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Nirvana: Live At Reading

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Album Review

Certain concerts create a legend as soon as the final note ceases to ring. Nirvana's headlining appearance at the 1992 Reading Festival is one of these shows, a concert that arrived at precisely the right moment and stands as testament to a band at the peak of its powers...and right before things started to turn sour within the Nirvana camp. Despite the happy news of the birth of Frances Bean Cobain a mere 12 days before this August 30 festival, rumors swirled around Nirvana right up until the band hit the stage. Kurt Cobain took full advantage of these scurrilous stories, making his entrance in a hospital gown and wheelchair pushed by journalist Everett True. Cobain feebly reached for the microphone to croak out the opening lines of "The Rose," only to collapse onto the stage, milking the drama for a moment before leading Krist Novoselic and Dave Grohl through a ferocious "Breed." This impish sense of humor has been obscured over the years, lost under the weight of the band's tragic legacy, along with the fact that Nirvana could actually be fun as well as furious. Live at Reading brings all this roaring back. This is Nirvana's purest blast of rock & roll: there's a boundless, invigorating energy here and, just as importantly, there's a sense of joy to the performances, a joy that bubbles to the surface when Kurt laughs during the intro of "Sliver" but can be heard throughout the show, as the band rushes in tandem, pushing the tempos on "Aneurysm" and "Territorial Pissings," ebbing and flowing as one. Hints of this could be heard on the live comp From the Muddy Banks of the Wishkah, but this is a complete document of Nirvana in full flight and one of the greatest live rock & roll albums ever.

Customer Reviews

As brilliant as it ever was

As a 15 year old who adored Nirvana when they played at Reading in the summer of 1992, a bootleg version of this dominated my listening over the years. It really doesn't get any finer than this and I can't urge you enough t buy it.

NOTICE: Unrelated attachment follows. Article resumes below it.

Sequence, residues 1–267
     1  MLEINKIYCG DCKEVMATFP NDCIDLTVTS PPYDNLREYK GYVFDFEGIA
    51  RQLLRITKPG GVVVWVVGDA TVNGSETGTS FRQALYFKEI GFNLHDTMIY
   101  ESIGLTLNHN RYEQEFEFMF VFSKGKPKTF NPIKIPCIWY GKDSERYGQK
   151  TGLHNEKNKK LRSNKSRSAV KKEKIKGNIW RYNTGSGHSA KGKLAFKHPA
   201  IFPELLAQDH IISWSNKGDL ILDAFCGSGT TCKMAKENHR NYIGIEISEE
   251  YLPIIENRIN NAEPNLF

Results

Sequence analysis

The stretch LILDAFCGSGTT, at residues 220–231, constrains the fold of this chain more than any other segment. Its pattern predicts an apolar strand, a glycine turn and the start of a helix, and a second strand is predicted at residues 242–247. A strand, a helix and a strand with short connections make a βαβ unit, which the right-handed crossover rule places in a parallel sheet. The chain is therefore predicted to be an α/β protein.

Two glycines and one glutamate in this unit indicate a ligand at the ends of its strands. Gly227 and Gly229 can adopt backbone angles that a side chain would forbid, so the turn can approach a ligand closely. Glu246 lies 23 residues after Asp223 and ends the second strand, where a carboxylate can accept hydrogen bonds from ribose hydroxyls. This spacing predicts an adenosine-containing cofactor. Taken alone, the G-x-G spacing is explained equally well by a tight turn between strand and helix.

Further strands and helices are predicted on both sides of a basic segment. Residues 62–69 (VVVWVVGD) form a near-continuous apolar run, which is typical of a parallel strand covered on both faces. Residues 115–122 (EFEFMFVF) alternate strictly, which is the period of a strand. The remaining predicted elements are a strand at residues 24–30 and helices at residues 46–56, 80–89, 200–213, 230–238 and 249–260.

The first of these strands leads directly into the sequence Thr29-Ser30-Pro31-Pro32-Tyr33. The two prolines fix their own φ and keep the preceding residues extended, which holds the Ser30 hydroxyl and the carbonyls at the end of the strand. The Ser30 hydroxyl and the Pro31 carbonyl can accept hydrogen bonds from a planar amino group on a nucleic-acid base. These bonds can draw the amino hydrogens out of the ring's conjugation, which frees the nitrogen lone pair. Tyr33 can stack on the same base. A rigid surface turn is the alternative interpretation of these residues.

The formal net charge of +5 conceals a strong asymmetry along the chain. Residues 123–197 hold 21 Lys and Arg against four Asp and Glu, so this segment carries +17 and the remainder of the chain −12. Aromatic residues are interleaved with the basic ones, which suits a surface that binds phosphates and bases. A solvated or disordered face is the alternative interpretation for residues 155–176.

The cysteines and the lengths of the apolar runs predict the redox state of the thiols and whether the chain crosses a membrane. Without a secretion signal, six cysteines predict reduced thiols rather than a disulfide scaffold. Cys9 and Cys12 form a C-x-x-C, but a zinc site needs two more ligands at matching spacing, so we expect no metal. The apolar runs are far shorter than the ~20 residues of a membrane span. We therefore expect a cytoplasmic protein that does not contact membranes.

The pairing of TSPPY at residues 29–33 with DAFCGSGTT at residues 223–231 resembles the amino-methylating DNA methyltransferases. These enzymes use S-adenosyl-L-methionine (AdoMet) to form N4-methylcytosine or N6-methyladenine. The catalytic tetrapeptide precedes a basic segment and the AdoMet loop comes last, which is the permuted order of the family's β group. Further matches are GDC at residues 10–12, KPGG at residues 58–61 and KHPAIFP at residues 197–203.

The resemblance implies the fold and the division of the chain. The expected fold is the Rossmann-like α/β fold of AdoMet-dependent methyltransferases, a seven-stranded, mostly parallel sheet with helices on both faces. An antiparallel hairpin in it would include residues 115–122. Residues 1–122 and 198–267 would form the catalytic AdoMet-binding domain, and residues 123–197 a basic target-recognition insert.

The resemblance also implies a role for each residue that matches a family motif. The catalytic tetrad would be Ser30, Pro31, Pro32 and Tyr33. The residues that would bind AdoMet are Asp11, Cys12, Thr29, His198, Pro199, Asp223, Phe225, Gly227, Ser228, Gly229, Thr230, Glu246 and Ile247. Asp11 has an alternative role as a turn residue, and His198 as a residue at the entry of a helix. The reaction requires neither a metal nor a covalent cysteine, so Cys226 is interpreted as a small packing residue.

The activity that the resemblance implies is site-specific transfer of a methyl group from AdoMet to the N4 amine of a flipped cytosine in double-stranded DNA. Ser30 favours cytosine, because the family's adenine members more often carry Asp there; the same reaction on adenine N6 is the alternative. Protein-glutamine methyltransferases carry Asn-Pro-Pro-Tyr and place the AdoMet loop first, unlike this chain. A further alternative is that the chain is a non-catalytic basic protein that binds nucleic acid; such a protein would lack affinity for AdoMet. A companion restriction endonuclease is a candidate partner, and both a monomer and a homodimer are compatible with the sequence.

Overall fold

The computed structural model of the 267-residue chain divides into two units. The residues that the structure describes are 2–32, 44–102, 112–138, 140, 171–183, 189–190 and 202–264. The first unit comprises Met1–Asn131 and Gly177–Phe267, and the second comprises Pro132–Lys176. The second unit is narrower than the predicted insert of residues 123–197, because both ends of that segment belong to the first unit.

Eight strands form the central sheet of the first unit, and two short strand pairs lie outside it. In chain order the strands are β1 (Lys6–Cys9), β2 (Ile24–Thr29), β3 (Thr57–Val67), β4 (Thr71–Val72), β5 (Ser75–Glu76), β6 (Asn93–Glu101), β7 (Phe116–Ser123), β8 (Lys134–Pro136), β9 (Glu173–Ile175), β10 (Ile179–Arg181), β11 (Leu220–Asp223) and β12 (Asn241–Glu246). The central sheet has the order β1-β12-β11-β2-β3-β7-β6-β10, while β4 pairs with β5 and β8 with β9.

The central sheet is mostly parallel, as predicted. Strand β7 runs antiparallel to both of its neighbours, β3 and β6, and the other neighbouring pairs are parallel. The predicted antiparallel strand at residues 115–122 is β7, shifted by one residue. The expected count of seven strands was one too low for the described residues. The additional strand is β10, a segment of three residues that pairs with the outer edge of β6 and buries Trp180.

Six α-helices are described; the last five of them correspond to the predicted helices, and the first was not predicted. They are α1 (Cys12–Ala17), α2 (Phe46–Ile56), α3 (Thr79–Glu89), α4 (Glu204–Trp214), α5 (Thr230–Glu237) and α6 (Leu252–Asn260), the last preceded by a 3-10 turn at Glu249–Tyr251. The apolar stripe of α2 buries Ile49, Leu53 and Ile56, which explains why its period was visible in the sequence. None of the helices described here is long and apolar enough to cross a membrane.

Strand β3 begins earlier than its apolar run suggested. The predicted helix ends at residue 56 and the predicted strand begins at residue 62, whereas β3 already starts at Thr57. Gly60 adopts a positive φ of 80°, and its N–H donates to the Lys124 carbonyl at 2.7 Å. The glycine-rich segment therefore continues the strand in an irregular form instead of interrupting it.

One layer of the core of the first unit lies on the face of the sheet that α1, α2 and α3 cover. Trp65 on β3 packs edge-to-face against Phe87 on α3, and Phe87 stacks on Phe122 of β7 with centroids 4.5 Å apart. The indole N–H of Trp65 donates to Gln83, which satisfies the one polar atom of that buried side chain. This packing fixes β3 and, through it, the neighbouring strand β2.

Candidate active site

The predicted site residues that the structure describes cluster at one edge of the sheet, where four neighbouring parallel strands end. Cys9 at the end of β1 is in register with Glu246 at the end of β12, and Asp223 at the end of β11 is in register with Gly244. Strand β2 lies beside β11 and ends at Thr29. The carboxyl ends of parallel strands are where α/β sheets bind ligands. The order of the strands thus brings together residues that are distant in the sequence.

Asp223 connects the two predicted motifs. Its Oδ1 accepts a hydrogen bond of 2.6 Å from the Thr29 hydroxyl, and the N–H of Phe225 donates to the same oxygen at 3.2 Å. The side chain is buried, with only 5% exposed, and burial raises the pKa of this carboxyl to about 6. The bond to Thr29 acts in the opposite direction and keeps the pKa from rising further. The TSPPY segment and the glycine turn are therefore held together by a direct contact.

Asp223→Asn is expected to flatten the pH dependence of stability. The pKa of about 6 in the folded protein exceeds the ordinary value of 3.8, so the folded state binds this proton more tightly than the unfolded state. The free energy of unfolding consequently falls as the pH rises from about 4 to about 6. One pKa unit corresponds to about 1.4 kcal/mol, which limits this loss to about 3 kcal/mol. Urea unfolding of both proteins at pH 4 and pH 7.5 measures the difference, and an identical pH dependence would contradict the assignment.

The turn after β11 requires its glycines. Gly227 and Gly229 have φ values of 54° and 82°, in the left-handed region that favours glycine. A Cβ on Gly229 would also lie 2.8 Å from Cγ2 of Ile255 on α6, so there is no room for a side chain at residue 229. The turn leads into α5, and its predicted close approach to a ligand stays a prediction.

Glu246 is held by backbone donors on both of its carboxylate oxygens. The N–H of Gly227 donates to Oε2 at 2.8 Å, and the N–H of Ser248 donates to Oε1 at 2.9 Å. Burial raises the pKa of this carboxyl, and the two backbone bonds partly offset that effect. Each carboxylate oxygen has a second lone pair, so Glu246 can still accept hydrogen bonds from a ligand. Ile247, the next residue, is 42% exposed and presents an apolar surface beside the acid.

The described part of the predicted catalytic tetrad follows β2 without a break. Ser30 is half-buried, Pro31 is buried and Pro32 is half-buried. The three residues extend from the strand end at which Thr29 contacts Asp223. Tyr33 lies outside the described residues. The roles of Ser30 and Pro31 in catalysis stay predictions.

You see loads of kids today with Nirvana t-shirts born after Kurt passed and if you haven't heard it, get it listened to, this was what Nirvana was about - Nevermind is one of the best albums of all time but probably a little bit too polished - this is Nirvana at their rawest best.

The King of Grunge

I watched this gig at Reading and this band changed my life

You will always be missed Kurt RIP

An Anti-dote to the X Factor...This is the A Factor

Yes I was there and the atmosphere before they went on, "will they? wont they? Kurt's OD'd, the band have split up..." But they came on and did 20 plus songs and blew us all away. To say this show was great would not do it justice. It kept rock and roll alive and it was a little moment in our lives that we felt, well, real nirvana. Get this album, get all of their albums and buy the T-shirt and you will feel like you were there...It will live forever and it will show you just how bad X-Factor is. This is the A-Factor. Oh yes and all of you stop carping on about the price...You devalue the priceless nature of genius. For something this good you cannot put a price on it. And once you start doing this you will very slowly be drown into Simon C's little world.


Formed: 1987 in Aberdeen, WA

Genre: Alternative

Years Active: '80s, '90s

Even now, years after you first felt its edges, the chorus of “Smells Like Teen Spirit” still sounds too dangerous—too loud, too ugly, too upset—for any mainstream. And yet, Nirvana’s 1991 single didn’t just mark an unlikely breakthrough for the Seattle trio, it upended popular culture in ways we’ve haven’t seen since. Punk became pop, grunge became global vernacular, industry walls became rubble, and frontman Kurt Cobain became the reluctant voice of a generation in need of catharsis, all seemingly...
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